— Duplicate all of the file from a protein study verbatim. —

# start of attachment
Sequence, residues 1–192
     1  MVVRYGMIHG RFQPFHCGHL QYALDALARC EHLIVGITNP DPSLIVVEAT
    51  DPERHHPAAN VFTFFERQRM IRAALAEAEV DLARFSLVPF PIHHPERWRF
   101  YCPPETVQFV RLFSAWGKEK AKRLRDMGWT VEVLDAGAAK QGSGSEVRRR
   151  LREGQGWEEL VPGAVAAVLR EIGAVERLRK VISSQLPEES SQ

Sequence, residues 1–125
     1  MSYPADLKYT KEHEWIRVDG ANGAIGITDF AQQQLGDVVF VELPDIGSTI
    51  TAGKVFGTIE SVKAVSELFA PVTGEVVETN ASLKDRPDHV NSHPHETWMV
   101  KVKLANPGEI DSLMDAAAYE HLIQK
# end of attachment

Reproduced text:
Sequence, residues 1–192
     1  MVVRYGMIHG RFQPFHCGHL QYALDALARC EHLIVGITNP DPSLIVVEAT
    51  DPERHHPAAN VFTFFERQRM IRAALAEAEV DLARFSLVPF PIHHPERWRF
   101  YCPPETVQFV RLFSAWGKEK AKRLRDMGWT VEVLDAGAAK QGSGSEVRRR
   151  LREGQGWEEL VPGAVAAVLR EIGAVERLRK VISSQLPEES SQ

Sequence, residues 1–125
     1  MSYPADLKYT KEHEWIRVDG ANGAIGITDF AQQQLGDVVF VELPDIGSTI
    51  TAGKVFGTIE SVKAVSELFA PVTGEVVETN ASLKDRPDHV NSHPHETWMV
   101  KVKLANPGEI DSLMDAAAYE HLIQK